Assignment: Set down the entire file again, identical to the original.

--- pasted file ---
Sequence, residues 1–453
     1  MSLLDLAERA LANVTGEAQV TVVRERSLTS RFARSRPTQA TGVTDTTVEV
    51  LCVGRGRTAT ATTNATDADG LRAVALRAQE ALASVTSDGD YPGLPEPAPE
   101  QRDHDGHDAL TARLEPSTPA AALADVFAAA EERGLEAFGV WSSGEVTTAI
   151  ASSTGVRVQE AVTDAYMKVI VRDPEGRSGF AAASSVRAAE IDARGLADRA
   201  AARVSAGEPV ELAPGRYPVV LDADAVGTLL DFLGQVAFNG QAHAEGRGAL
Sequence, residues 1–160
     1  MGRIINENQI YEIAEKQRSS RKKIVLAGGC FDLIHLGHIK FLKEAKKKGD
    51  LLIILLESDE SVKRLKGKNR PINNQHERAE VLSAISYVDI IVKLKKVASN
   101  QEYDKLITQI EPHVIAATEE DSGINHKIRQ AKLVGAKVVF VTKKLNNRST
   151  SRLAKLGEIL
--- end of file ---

Sequence, residues 1–453
     1  MSLLDLAERA LANVTGEAQV TVVRERSLTS RFARSRPTQA TGVTDTTVEV
    51  LCVGRGRTAT ATTNATDADG LRAVALRAQE ALASVTSDGD YPGLPEPAPE
   101  QRDHDGHDAL TARLEPSTPA AALADVFAAA EERGLEAFGV WSSGEVTTAI
   151  ASSTGVRVQE AVTDAYMKVI VRDPEGRSGF AAASSVRAAE IDARGLADRA
   201  AARVSAGEPV ELAPGRYPVV LDADAVGTLL DFLGQVAFNG QAHAEGRGAL
Sequence, residues 1–160
     1  MGRIINENQI YEIAEKQRSS RKKIVLAGGC FDLIHLGHIK FLKEAKKKGD
    51  LLIILLESDE SVKRLKGKNR PINNQHERAE VLSAISYVDI IVKLKKVASN
   101  QEYDKLITQI EPHVIAATEE DSGINHKIRQ AKLVGAKVVF VTKKLNNRST
   151  SRLAKLGEIL